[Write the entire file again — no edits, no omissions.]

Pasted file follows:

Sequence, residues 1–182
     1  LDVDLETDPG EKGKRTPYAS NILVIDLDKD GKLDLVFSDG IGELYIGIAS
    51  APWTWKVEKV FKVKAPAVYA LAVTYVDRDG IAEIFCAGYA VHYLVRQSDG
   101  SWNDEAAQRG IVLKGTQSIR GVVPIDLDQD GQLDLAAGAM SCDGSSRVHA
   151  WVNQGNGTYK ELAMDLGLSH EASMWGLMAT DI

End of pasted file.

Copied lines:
Sequence, residues 1–182
     1  LDVDLETDPG EKGKRTPYAS NILVIDLDKD GKLDLVFSDG IGELYIGIAS
    51  APWTWKVEKV FKVKAPAVYA LAVTYVDRDG IAEIFCAGYA VHYLVRQSDG
   101  SWNDEAAQRG IVLKGTQSIR GVVPIDLDQD GQLDLAAGAM SCDGSSRVHA
   151  WVNQGNGTYK ELAMDLGLSH EASMWGLMAT DI